If you are starting a new business, the last thing you want to do is fail. No one begins with the idea that their venture will not work. The success rate for small business is greater than most people think. According to statistics published by the Small Business Administration (SBA), seven out of ten new establishments survive at least two years and 51 percent survive at least five years. This is a far cry from the previous long-held belief that 50 percent of businesses fail in the first year and 95 percent fail within five years.
There are numerous resources available today to help those who want to launch their own business. The Internet alone provides a wealth of information to the lone entrepreneur. Whether it is a short article, an online course or a six-week training program, most offer the same advice. They talk about business plans, marketing strategies, financial resources, management skills and, of course, web presence. The one element that is most overlooked and that can cause a small business to tank is the lack of business etiquette skills–the failure to exercise workplace manners and to offer employees training in customer service.
So are we talking here about business etiquette or customer service? Both, actually. They are one and the same. We are talking about how we treat customers and employees. It starts at the top of the chain and works its way down. If you are courteous and respectful of your employees, they will be courteous and respectful of your customers.
Unfortunately in today’s world, not everyone comes to the workplace with good etiquette skills. They don’t teach business etiquette much anymore. It is impossible to find such a course listed on a high school or college curriculum.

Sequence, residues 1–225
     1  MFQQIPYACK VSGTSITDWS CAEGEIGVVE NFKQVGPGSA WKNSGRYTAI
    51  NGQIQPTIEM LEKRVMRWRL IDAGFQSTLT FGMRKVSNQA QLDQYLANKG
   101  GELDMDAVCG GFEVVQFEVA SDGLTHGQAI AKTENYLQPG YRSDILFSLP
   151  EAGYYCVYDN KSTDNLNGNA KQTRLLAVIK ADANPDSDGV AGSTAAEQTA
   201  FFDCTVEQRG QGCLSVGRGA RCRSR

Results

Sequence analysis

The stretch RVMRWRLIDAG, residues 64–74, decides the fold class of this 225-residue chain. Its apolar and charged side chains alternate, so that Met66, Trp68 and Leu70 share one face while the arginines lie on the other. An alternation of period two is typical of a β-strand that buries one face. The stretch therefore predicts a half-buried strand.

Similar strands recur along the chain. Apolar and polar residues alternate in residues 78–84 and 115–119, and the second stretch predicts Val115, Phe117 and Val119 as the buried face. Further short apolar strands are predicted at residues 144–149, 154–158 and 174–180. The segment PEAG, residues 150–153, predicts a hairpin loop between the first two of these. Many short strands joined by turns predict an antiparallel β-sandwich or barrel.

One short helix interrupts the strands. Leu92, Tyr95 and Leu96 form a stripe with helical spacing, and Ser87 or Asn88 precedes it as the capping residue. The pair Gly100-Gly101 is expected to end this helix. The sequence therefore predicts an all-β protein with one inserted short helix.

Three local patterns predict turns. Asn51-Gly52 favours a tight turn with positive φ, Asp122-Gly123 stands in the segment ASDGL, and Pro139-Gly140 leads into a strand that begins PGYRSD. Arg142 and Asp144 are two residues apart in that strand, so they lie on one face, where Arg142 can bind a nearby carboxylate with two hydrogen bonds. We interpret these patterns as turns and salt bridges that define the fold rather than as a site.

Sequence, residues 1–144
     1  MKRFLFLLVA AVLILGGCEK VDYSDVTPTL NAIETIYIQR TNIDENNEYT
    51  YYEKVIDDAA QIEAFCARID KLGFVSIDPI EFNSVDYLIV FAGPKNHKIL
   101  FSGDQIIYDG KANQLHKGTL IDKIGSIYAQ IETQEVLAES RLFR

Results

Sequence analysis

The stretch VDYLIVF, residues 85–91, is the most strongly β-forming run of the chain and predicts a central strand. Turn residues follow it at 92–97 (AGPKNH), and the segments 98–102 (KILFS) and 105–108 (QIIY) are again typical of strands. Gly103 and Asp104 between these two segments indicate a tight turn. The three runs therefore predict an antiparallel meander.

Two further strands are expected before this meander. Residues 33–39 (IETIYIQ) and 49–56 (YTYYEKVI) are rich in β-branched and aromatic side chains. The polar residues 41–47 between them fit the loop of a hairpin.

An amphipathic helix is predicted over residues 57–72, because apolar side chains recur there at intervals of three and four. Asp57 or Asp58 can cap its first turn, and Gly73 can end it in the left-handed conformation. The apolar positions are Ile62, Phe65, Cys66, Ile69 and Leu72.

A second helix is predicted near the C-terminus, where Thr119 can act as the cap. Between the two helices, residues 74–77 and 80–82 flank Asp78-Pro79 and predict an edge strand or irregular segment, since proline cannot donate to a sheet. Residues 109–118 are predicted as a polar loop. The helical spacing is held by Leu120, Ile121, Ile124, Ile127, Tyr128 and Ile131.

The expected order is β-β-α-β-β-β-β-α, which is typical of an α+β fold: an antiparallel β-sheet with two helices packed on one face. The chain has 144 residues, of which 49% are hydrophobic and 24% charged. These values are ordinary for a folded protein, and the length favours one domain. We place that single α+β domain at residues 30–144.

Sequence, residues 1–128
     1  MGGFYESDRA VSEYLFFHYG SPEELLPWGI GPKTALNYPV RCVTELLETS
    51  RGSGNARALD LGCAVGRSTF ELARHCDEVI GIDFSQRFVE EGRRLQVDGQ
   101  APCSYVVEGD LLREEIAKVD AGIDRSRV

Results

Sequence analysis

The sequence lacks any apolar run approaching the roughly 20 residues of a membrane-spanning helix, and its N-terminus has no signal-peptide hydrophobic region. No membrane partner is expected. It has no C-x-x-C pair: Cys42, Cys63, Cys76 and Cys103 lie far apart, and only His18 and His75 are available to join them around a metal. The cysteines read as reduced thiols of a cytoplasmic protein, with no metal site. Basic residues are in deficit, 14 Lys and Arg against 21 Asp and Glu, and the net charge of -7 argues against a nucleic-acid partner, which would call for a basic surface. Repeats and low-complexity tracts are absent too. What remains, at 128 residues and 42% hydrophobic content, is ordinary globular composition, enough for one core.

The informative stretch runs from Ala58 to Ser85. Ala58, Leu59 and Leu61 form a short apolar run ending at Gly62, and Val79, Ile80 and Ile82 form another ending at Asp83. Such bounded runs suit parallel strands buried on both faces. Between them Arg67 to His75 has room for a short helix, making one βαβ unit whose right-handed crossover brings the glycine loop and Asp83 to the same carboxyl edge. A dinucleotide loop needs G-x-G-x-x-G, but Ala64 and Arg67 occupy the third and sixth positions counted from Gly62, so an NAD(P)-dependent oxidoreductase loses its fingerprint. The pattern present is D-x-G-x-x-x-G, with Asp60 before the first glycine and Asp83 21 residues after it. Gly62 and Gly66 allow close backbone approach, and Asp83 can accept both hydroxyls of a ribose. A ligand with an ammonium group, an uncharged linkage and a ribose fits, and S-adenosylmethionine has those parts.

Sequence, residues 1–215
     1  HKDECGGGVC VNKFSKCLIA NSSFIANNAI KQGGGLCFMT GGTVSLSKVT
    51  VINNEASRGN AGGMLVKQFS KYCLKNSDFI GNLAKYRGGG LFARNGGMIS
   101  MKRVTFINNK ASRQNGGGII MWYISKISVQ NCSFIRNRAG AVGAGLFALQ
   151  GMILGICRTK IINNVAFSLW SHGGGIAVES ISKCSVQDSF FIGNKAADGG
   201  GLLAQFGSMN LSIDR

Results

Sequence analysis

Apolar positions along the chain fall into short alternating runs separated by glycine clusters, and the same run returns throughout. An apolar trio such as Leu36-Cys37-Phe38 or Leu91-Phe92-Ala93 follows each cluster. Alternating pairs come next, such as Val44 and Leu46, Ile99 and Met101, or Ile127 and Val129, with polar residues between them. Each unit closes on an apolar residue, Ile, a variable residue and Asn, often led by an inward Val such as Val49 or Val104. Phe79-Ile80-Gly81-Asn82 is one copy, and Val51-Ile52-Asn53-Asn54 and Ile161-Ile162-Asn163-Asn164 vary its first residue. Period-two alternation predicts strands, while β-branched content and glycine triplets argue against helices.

As a small business owner don’t make the fatal mistake of failing to offer business etiquette courses to your employees or taking one yourself. The best business plan and marketing strategy plus all the financial resources you need cannot make up for a lack of interpersonal skills.
As a business etiquette trainer and coach, I would like to see manners, etiquette and interpersonal skills on every entrepreneur’s list of things to consider when starting his or her own small business. Who knows? With an emphasis on etiquette, your small business could one day become one of the Fortune 500.
Hire Lydia to work with your staff to improve customer service and employee relations through the use of those priceless and often over-looked soft skills called manners. Lydia is the “unstuffy” business etiquette expert who helps individuals and organizations add the polish that builds profits. We’re talking about your bottom line here.
Since 1996, countless people have benefited from her wisdom through keynotes, seminars and conference breakout sessions. Her Southern charm and sense of humor have made her a sought-after speaker and consultant.
Based in Savannah, Georgia, Lydia is available for national, regional and local speaking and training engagements. She has suitcase; will travel.